Paper by NASA scientists retracted for plagiarizing NASA report
Here’s the notice for “A Fosmid Cloning Strategy for Detecting the Widest Possible Spectrum of Microbes from the International Space Station Drinking Water System,” published in Genomics & Informatics:
The editorial committee of Genomics & Informatics has concluded that a substantial portion of the above article  was ‘copied and pasted’ from earlier publications without appropriate attribution. Although the plagiarized texts are detected only in the Introduction section , such a misconduct is unacceptable in a scientific writing. The authors have acknowledged plagiarism in the above article and requested retraction.
That earlier publication was an article published in 2000 by NASA, “Water on the space station.” Three of the Genomics & Informatics authors — including one of the corresponding authors, Kasthuri Venkateswaran — are at NASA’s Jet Propulsion Laboratory, part of Caltech.
It’s hard not to see the overlap by comparing the paper’s first paragraph with the plagiarized material. From the now-retracted article:
Rationing and water recycling are an essential part of life at International Space Stations (ISSs) .
From the 2000 NASA article (which is not the  referred to by the paper):
Rationing and recycling will be an essential part of daily life on the ISS.
From the now-retracted paper:
Water purification machines on the ISS partly mimic these processes, but they do not rely on microbes or any other living organisms. These machines cleanse wastewater in a 3-step process. The first step involves a filter that removes particles and debris. The water then passes through multifiltration beds that contain substances that remove organic and inorganic impurities. Finally, the catalytic oxidation reactor removes volatile organic compounds and kills bacteria and viruses.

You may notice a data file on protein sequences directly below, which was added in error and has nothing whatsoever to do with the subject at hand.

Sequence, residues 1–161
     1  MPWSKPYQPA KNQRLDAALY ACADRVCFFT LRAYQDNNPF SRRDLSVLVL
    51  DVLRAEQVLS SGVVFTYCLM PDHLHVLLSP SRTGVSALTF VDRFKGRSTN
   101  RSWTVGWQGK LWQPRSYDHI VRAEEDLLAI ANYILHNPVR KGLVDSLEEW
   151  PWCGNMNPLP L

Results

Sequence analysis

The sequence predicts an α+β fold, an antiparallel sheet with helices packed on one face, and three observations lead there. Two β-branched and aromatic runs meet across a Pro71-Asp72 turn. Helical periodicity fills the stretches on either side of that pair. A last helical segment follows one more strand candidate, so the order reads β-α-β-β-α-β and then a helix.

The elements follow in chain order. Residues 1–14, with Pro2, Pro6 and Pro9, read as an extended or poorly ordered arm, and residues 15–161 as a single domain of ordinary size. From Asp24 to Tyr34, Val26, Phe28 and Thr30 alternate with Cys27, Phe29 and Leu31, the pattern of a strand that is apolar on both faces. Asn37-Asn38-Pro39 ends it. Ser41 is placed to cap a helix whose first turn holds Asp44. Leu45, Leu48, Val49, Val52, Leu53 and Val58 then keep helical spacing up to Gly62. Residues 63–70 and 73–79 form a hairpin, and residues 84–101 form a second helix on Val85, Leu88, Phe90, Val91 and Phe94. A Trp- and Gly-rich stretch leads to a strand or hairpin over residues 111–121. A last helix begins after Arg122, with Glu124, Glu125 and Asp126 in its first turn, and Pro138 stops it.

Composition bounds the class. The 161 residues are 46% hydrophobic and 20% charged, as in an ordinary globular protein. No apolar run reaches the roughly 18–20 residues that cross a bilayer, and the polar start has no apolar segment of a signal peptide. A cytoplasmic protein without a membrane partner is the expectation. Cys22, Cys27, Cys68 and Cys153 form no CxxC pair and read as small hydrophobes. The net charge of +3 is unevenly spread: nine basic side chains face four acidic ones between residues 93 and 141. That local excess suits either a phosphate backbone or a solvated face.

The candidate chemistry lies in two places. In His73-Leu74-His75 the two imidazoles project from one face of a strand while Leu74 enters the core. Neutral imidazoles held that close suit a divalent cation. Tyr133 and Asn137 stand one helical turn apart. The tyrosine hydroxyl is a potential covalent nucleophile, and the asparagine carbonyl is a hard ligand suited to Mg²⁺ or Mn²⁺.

From the 2000 NASA article:
Water purification machines on the ISS partly mimic these processes, but they do not rely on microbes or any other living things.
The water purification machines on the ISS will cleanse wastewater in a three-step process.
The first step is a filter that removes particles and debris. Then the water passes through the “multi-filtration beds,” which contain substances that remove organic and inorganic impurities. And finally, the “catalytic oxidation reactor” removes volatile organic compounds and kills bacteria and viruses.
From the now-retracted article:
Once the water is purified, astronauts try to ensure that the water is used with maximum possible efficiency. Even with intense conservation and recycling efforts, the space station will gradually lose water because of inefficiencies in the life support system.
From the 2000 NASA article:
Once the water is purified, astronauts will do everything possible to use it efficiently.
Even with intense conservation and recycling efforts, the Space Station will gradually lose water because of inefficiencies in the life support system.
We’ve contacted the corresponding authors of the now-retracted paper and will update with anything we learn.
It’s worth noting that U.S. government works are not protected by copyright in the U.S. That doesn’t, however, mean that they can be copied and pasted without attribution in a scientific paper.